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The True Litmus Test for Peace

Posted by: admin
October 11, 2011 at 8:08 AM

The October 9, 2011, edition of the New York Times had two interesting articles. The first, by Ronan Bergman, described the behind-the-scenes machinations by which the United Nations approved partitioning Palestine under the British Mandate into a Jewish and Palestinian State on November 29, 1947, almost 64 years ago.


Egyptian Coptic demonstrators carry Christian crosses and chant anti- army slogans during a Copts demonstration that developed into clashes with army soldiers in Cairo on Oct. 9. The second was about demonstrations by Coptic Christians in Cairo against their persecution, which resulted in the deaths of over 20 individuals. This followed the burning of Coptic churches over the summer. Coptic Christians constitute about 10 percent of the population of Egypt or about seven million individuals.


So the Arab Spring is encountering significant issues with minorities and not just with Jews. But why after 64 years of UN recognition of a Jewish State would the Palestinian Authority not recognize Israel as a Jewish State? 


If this recognition is being used as a bargaining chip, then the Palestinians have no right to set their own pre-conditions before entering negotiations with the Israelis. If not a key factor, then we must consider how Arab countries treat their minorities, particularly Jews.


It has been 18 years since the signing of the Oslo Peace Accords. One of its hallmarks was the teaching of tolerance of Jews by the Palestinians and vice-versa. This has largely been breached by anti-Semitic canards in Palestinian textbooks and the omission of Israel in their maps. Unfortunately, hating Jews is part of the political culture of much of the Arab world.


For example, during Cairo’s historic Arab Spring, Lara Logan, the American journalist sexually molested in the middle of Tahrir Square, was called a Jew, even though she is not Jewish. The word “Jew” has become an accepted insult in the public square. Former Israeli Supreme Court Justice Hadassa Ben-Itto, author of The Lie That Wouldn’t Die, wrote that The Protocols of the Elders of Zion, a forgery, has been used by anti-Semitic political leaders, including Hitler, to prove that there is a world-wide Jewish conspiracy against the world.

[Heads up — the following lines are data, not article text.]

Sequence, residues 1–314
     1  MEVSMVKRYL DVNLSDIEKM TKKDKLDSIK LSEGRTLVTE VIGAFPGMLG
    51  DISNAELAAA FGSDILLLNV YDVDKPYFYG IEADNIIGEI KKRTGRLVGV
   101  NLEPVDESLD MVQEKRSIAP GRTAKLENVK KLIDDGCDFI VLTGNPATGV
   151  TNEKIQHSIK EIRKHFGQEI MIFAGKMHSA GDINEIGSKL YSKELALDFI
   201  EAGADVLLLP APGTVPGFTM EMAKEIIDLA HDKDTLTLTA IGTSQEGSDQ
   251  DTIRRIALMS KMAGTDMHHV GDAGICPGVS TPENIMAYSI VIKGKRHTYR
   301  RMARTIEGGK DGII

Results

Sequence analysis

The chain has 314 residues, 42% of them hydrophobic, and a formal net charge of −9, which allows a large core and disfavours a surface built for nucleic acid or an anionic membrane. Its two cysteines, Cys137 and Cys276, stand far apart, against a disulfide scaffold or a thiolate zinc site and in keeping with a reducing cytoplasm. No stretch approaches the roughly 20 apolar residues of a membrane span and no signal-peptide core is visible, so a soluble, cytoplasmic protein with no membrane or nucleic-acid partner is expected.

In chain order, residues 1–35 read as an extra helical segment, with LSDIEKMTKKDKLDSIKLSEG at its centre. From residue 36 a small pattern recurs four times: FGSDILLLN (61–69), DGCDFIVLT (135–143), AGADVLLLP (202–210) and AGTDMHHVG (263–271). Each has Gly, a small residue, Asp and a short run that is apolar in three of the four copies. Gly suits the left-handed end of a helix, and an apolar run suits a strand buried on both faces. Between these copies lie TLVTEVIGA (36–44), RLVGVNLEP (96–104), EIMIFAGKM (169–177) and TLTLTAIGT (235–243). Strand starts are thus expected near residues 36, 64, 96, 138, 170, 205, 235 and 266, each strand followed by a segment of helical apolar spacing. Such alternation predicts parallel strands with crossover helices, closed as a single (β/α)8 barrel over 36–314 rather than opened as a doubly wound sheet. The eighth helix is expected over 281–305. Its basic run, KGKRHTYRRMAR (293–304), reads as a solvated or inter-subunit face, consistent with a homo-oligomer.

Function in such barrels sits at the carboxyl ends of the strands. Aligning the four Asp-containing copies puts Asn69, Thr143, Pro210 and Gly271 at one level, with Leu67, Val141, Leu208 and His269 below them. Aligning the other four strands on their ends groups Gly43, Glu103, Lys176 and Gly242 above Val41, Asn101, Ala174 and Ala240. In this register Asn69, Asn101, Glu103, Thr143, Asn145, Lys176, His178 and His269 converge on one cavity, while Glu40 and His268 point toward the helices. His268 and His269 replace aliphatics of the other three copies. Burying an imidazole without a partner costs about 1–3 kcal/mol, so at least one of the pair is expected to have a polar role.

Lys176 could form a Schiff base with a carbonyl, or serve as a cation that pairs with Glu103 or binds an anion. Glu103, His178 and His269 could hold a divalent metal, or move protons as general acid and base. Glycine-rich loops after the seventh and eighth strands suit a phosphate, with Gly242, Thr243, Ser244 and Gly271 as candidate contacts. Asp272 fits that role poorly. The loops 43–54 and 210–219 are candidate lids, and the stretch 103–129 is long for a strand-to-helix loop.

The Protocols is everywhere, in every Arab book fair. It is in public discourse, in newspapers and even in TV soap operas,” she writes. A perennial best-seller, The Protocols has newer editions in Arabic almost every year accusing Jews of the latest atrocities.


Unfortunately, many have become true believers of the myth perpetrated in The Protocols. When Ben-Itto’s book was translated into Arabic, the translator and publisher, a Christian Arab and Muslim Arab who both graduated from Hebrew University, told the author that until they read her book, they did not know that The Protocols was a forgery.

This travesty was more recently highlighted in an October 3 article by Eric Justin in The Harvard Crimson. Recently returned from Jordan, the Jewish undergraduate heard countless arguments about politics. But they inevitably turned to “those Jews,” and conspiracy theories “wafted comfortably through a room like cigarette smoke.”

“After all, I was a demon, of sorts. Belief of my damning existence was everywhere, but I was definitely not supposed to actually be there. In Jordan, every day and nearly every facet of society was a reminder that I was dirty — the very embodiment of an ‘Other.’ A whole genre of anti-Semitic ‘history’ and literature mocked me in every bookshop, a whole field of anti-Semitic media from historical documentaries to music videos followed me on every television, and an interpretation of Islam that demonizes Judaism frequently bewildered me in conversations. I anticipated encountering anti-Semitism, but I expected it to be avoidable. I could not anticipate, nor could I have truly imagined, its systemic nature.”


Is it any wonder that according to the Pew Research Center, almost 80 percent of the population of Egypt and the Palestinian territory agrees with the statement that Palestinian rights can’t be taken care of if Israel exists.


Political leaders must prepare their publics for the sacrifices that must be made for genuine peace: What they tell their own people, rather than what they convey to the Western press, is the litmus test.


Israelis accepted the Gaza withdrawal and would have accepted the peace proposals offered by its previous two prime ministers, even if elements of them were unpopular. If they’re sincere and truly believe in peace, Palestinian leaders must overcome this culture of hatred among their people fueled by the omnipresent Protocols. Or, is this one of the reasons why accepting the Jewish State is such an anathema to them?


The Mufti, The Nazis, and Anti-Semitism in Today's WorldOur own Holocaust Council of MetroWest is sponsoring an exhibition at the Gaelen Gallery on the Aidekman Campus in Whippany on “The Mufti, The Nazis, and AntiSemitism in Today’s World.” On Thursday, October 27, at 7 p.m., the Council will sponsor a lecture on Nazi propaganda in the Arab world featuring Dr. Jeffrey Herf, a professor of History at the University of Maryland.


If you want the overall context as to why the Arab-Israeli conflict is so complicated, be sure to attend.

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